Efforts to understand the opportunities, challenges and challenges for the central bank’s digital currency are under way in 81 countries, with five countries fully implementing the digital version of their currency, according to a new tracker on the Atlantic Council website.
81 countries are involved in the development of the central bank’s digital currency
The Caribbean is home to all five CBDCs currently in use, with the Bahamas, Saint Kitts and Nevis, Antigua and Barbuda, Saint Lucia and Grenada already implementing their digital cash systems.
CBDCs are in a pilot phase in 14 other countries, including South Korea and Sweden, the tracker shows.
The Atlantic Council, founded in 1961, is called an independent organization. The CBDC tracker, launched on July 22, currently tracks 83 countries and monetary unions.
Of the countries with the four largest central banks – the United States Federal Reserve, the European Central Bank, the Bank of Japan and the Bank of England – the United States is the most remote in terms of CBDC development.
The Federal Reserve has been researching the CBDC for several years, and President Jerome Powell said in January that the development of digital dollars was a “very high priority” in the fight against financial crime. Fed President John Williams, meanwhile, believes that the emergence of cryptocurrencies raises challenging questions for central banks.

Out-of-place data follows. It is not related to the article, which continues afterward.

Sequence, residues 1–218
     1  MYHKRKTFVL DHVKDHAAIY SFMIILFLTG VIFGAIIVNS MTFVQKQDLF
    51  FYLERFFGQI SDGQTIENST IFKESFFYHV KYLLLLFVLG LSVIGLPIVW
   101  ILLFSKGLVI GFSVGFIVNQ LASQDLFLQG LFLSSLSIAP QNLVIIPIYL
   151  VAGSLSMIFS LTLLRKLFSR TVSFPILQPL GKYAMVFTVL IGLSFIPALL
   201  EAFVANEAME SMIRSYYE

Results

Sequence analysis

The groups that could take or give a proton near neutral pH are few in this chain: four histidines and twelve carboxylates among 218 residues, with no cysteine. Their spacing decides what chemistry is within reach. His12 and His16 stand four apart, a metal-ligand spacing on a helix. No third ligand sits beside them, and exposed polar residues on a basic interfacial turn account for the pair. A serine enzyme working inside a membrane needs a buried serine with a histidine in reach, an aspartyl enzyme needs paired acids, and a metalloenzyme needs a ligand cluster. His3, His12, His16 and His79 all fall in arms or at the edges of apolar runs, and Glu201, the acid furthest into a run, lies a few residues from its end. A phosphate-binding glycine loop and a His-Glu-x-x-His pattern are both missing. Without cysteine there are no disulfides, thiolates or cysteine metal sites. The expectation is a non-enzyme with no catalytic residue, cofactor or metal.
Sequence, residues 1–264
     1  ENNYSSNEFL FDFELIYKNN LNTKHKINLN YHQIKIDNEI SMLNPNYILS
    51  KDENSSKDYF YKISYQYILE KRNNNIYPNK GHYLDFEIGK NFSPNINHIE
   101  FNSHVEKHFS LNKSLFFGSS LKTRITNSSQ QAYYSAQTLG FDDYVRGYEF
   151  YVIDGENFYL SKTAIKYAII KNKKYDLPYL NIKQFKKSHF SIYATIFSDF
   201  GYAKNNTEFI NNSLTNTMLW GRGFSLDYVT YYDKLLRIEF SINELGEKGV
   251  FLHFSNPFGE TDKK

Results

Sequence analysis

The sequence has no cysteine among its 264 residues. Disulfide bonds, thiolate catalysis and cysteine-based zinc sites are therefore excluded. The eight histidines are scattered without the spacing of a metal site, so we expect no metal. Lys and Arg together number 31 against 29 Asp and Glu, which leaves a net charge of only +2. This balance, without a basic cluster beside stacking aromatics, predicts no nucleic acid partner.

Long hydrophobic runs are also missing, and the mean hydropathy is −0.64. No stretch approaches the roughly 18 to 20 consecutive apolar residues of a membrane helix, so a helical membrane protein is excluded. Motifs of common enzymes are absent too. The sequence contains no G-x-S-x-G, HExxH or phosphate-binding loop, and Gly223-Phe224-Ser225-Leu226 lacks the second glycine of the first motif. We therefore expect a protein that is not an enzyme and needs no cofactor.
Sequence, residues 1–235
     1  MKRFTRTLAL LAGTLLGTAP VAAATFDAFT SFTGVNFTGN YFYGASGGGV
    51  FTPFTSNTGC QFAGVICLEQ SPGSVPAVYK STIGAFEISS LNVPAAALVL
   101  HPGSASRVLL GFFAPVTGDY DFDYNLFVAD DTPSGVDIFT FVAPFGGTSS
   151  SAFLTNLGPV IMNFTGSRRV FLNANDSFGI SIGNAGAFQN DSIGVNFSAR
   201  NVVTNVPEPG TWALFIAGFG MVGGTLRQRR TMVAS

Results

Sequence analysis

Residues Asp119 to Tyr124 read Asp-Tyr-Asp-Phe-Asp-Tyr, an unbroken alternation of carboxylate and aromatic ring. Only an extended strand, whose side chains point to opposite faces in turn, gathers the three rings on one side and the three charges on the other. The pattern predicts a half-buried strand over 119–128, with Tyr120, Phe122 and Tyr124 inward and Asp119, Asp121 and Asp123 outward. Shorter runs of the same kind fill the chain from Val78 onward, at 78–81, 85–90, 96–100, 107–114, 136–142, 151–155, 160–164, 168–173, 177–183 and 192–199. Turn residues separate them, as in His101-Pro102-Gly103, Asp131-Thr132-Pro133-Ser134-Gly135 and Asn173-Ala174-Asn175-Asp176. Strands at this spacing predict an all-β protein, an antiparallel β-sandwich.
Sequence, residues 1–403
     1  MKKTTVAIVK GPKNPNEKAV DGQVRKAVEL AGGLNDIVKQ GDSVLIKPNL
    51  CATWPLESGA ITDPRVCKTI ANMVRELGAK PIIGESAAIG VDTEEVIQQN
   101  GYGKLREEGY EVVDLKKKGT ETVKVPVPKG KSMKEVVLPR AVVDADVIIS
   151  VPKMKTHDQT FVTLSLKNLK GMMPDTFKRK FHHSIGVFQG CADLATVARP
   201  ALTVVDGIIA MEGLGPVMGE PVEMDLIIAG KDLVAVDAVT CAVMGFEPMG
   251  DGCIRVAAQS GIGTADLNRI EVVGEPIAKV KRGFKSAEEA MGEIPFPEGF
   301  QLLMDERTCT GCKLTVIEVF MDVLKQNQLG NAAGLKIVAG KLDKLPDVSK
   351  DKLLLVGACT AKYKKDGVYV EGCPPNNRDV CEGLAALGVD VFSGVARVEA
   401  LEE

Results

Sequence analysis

China recently said that foreign visitors will be able to use digital yuan during the 2022 Winter Olympics – provided they share information about their passports with the central bank. A group of U.S. senators that includes a supporter BTC Cynthia Lummis, called on American Olympians to boycott the digital yuan. According to the South China Morning Post, Beijing responded by telling US senators to “stop making trouble.”
The People’s Bank of China claims that almost 21 million people have already opened a virtual wallet to use the digital yuan.